Audi TT S Lightweight

We get early taste of next coupé

Overall Auto Express Rating

4.0 out of 5

The beauty of shedding weight from a car is that it’s not only the driving experience that improves – fuel economy goes up and CO2 emissions tumble, too. What’s more, carbon fibre components are often stronger than metal or plastic, so they are safer. This TTS certainly meets Audi’s aim of making every new car lighter than the one it replaces – by delivering a sharper and more thrilling driving experience. It also hints at the possibility of a track-focused ‘GT’ version of the TT arriving as a prelude to the all-new model. 

Another new Audi wearing old clothes is this TT. Under the current TTS bodywork is the technology that will be used in the third-generation sports car range, due to go on sale next year. Auto Express was given an opportunity to get behind the wheel at Audi’s specialist weight-saving design centre in Wartberg, Germany.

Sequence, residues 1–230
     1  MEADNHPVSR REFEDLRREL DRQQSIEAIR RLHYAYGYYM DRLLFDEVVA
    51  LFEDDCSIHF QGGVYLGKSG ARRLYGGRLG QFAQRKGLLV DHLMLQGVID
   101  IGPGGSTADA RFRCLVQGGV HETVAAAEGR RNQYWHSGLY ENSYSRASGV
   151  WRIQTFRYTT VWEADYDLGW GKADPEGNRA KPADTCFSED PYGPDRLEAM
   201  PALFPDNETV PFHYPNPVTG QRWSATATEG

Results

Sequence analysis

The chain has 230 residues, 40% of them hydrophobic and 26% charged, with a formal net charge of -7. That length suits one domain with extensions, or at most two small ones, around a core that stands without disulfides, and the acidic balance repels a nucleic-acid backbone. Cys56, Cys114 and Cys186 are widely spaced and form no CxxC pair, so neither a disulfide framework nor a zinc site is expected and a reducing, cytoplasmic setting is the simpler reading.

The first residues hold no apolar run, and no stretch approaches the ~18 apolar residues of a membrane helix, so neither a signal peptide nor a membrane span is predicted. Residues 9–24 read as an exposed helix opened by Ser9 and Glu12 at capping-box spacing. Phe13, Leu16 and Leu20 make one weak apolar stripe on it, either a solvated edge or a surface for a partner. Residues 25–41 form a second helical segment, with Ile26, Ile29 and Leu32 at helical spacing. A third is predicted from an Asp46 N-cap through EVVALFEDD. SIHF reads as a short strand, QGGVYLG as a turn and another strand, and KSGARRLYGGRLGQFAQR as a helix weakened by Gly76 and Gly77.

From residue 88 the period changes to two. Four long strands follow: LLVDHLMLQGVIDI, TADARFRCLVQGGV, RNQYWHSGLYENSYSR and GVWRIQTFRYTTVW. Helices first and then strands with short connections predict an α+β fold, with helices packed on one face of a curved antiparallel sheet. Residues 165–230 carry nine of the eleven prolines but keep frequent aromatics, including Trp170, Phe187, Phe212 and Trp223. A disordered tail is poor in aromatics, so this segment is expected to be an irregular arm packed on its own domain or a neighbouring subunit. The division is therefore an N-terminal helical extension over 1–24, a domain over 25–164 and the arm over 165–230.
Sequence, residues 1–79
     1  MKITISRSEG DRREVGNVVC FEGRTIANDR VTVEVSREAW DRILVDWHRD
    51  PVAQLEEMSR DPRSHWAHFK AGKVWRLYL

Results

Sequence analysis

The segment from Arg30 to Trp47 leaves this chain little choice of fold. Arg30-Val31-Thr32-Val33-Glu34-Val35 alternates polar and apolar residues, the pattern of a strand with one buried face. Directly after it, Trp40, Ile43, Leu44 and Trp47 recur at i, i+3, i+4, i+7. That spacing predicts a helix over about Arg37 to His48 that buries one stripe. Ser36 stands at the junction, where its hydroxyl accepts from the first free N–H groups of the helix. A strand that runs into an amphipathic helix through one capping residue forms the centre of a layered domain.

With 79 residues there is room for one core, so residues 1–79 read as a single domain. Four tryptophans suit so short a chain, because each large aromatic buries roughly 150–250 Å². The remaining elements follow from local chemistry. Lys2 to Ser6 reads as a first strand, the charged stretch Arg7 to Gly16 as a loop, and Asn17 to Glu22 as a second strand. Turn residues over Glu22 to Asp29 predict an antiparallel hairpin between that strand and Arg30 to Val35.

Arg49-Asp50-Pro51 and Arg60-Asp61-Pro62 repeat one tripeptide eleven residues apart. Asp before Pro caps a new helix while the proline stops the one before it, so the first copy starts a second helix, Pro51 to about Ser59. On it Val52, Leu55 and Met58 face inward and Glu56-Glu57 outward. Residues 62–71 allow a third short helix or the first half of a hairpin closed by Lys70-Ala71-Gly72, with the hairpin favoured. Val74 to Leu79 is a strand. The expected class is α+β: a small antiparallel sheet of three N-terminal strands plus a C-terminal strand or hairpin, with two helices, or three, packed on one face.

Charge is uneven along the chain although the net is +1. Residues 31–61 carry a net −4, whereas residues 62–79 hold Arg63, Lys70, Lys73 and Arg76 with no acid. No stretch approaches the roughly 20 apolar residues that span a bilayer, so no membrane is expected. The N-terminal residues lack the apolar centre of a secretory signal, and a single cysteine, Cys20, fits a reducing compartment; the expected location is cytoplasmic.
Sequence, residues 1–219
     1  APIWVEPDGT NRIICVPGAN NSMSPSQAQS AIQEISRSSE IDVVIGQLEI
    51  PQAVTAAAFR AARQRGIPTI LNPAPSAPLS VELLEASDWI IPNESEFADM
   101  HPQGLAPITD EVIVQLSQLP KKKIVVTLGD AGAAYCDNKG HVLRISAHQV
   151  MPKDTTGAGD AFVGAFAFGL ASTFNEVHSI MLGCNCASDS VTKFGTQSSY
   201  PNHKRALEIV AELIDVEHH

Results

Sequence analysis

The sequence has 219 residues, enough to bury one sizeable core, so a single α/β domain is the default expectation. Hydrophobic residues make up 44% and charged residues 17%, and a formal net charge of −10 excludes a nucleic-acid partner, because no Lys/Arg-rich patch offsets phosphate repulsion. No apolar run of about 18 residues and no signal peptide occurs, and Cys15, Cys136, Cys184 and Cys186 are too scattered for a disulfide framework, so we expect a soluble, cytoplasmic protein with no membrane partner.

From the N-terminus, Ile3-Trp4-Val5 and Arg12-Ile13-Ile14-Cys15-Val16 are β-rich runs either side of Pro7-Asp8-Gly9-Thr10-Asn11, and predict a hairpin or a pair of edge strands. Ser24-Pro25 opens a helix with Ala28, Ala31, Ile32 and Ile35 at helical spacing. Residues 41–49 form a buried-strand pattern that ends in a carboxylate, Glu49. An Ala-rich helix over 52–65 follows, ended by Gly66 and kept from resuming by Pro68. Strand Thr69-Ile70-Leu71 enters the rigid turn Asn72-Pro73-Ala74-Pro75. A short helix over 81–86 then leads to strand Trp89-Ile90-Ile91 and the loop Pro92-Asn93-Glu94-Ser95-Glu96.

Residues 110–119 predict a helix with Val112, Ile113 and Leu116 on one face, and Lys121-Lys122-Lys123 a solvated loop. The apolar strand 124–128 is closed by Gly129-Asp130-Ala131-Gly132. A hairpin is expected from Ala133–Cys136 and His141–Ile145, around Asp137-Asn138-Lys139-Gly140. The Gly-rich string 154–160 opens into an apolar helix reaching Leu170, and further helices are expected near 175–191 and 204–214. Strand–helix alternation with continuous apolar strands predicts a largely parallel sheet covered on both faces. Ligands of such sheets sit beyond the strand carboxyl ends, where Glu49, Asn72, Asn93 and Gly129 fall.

Rather than increasing performance through other means, the firm has followed Lotus founder Colin Chapman’s edict of “just add lightness”. So, the 2.0-litre turbo provides exactly the same power output as the current TTS, at 268bhp, as well as 350Nm of torque. 
Instead, engineers focused on replacing key components of the body with carbon fibre-reinforced plastics – which are not only lighter but stronger than conventional materials. 
They have also used lightweight alloy wheels and thinner bucket seats to shave 80kg off the standard model’s kerbweight, which is down to 1,390kg. That might not sound much but, on our twisting and narrow test circuit, it made a massive difference to how the car drives. 
As in the Quattro, steering is lighter, the throttle is more responsive and the body seems stiffer through sharp corners. Even though the improvements are subtle, they’re noticeable. 
Inside, the TTS is as luxurious as ever, with thick carpets and the usual array of gadgets you would expect to find in a car in this class. The lightweight seats are just as comfortable and supportive, too.
Audi is keen to stress that while it plans to make every new model lighter than the car it replaces, this won’t come at the expense of technology or comfort. 
And although this test mule doesn’t yet resemble the next-generation TT, it gives some big clues as to the direction Audi’s sports cars are heading in over the coming years. Its sophisticated construction technology is also currently being used on the production version of the e-tron electric supercar – so watch this space for developments.

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